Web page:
When I was an exchange student in Germany, I learned most of my german by ear. Of course this meant that sometimes I misheard or misunderstood what exactly the word was, but I could fake it generally by making a similar sound. One day, I came home from school and told my host mother that I had a terrible “baumschmerzen.” She did a double-take and started laughing her ass off. Apparently what I meant to say was bauchschmerzen- a stomach ache. Instead, I told her I had a tree-ache. THAT took a while to sort out!

You are a tease, to stop the story at that point! :stuck_out_tongue:

The relevant word from picunurse’s story is concha, which in Spain and most of Latin America means “cone, shell, conch” like the English cognate – but in the Coño Sur (Uruguay, Chile, and Argentina) references a quite different object which also has a rounded coral-pink surface with a rippled slit down the middle.

I studied German all through High School, then switched to Spanish in College.

I will never forget the look of consternation on my Spanish Professor’s face when, one sleepy Monday morning, I answered one of his questions half in German, half in Spanish!

I took several years of French in high school. Enough that I can still track conversations pretty well, but as far as joining in, eh, not very good at all. When I got to college, I figured I’d start with a clean slate and studied Chinese, which I got fairly good at.

Several years back, I had just returned from a trip from Southeast China, and on my way home, I stopped in Paris to see a Tom Waits concert. I met up with a friend, entered the theater, looked at my ticket, and couldn’t figure out where the hell I was supposed to sit. So I found an usher, gave him the ticket.

The usher just stared at me as though I just put a dead fish in his hand. So I thought for a moment, tried to gather my French-speaking skills, and very calmly asked him, “这个位子在哪里?”

He blinked. Several times. And then pointed in the general direction of my seat.

Donde estan mis zapatos fritos?

(bolding mine)

That has to be a Freudian slip. :stuck_out_tongue:

Is that the country between Texas and Mexico? :smiley:

My little bro (native Spanish speaker) commenting on my mom’s pregnancy to the English teacher: “she’s embarrassed” (embarazada = pregnant in Spanish).

When I was in Hong Kong I was looking for ant repellent. I knew that mosquito repellent was “mun pa soi” (literally “mosquito fear water”), and I knew that Cantonese for ant is “ngai”. So I went into a shop and asked for “ngai pa soi”.

The shop assistant nearly fell over laughing. It’s all about context, see. I had actually said “Hello, I would like to buy an ant that is frightened of water”.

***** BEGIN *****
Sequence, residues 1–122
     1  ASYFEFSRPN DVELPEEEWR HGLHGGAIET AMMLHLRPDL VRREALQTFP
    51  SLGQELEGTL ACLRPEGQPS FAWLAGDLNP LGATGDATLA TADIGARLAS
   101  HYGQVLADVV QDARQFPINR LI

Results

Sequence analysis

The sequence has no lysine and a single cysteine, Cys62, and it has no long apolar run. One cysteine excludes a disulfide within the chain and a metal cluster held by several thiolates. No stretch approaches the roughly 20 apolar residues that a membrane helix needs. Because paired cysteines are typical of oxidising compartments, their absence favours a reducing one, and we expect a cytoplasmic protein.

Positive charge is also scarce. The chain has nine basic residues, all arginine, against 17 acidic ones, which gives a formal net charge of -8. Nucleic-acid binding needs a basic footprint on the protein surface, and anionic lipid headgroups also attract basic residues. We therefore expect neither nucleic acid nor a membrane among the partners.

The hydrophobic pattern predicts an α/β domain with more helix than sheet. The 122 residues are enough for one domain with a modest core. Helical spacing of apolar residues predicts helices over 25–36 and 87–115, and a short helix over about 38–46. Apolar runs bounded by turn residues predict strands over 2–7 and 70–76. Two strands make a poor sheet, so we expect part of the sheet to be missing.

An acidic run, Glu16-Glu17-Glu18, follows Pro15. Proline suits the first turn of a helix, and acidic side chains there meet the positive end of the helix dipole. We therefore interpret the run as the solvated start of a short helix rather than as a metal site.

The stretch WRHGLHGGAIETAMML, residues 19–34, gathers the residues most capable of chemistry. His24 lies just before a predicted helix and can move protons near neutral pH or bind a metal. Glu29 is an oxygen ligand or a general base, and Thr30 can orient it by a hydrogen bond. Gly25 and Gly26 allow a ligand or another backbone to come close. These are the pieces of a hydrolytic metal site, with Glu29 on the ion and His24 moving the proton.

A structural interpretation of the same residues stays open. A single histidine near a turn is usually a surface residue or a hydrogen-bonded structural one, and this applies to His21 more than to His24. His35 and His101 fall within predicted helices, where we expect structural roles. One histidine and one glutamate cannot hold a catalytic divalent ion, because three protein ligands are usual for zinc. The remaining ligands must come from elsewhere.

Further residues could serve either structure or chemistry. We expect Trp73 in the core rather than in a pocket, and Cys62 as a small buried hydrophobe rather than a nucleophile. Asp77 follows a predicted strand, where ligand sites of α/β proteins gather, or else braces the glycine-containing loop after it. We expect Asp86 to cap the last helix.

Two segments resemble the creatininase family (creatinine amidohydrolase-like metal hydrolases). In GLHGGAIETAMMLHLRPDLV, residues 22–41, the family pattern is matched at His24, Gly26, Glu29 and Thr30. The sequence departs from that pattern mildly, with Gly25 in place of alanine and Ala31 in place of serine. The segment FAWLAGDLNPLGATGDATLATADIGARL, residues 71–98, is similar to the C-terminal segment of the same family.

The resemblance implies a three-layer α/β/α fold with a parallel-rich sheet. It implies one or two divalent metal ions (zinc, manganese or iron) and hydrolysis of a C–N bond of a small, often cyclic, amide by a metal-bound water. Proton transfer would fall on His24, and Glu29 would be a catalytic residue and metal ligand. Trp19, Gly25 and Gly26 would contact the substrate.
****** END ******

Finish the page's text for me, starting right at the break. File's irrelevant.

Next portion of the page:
Not so much a boo boo, but cross-language borders

Sitting at the cousins house in Germany, everyone was drinking beer, save for me.

My husbands cousin, our superlative hostess, digs around for a bottle of wine to open for me.

She comes out of the kitchen brushing off the dust off the bottle with a laugh.

I make a comment, " Oh, that must be the **gift ** wine."

Everyone chuckled.

Gift (not certian if it is the same spelling) in German translates to ‘poison’.

The double entendre of " giving a houseguest poison wine" and ‘here is a bottle that was given to us as a gift and therefore not decent enough to drink’ was a merry good chuckle.

My Spanish isn’t great. ( as testified by my spelling of Chile ) but, did you just ask where to fry your shoes are?

Once in high school, with one of our french teachers, one of the guys was acting up, as usual. He wouldnt’ sit down or something, I can’t remember. Anyways, the teacher asked him if he would like to sit over ‘here’, ‘here’ being next to her desk at the front of the room.

Now, at this point the response he wanted to give was “No, I’m not completely insane.” However, he couldn’t remember the french word for insane (fou) so instead he used a tactic that we all used from time to time when we couldn’t remember a word (and often, it worked). He bastardised the english word.

Now, you’ve probably figured out that ‘insane’ doesn’t sound at all like ‘fou’, even with a bad french accent. However, it does sound somewhat like another french word, enceint.

The response he gave the teacher was “No, I’m not competely pregnant.”

(This guy also, the year before for an improv in English class, gave birth while stuck in an elevator)

My college French instructor told us that on one of his trips to France he accidentally asked his host if he could put his mistress on the floor when he was trying to ask if he could put his mattress on the floor.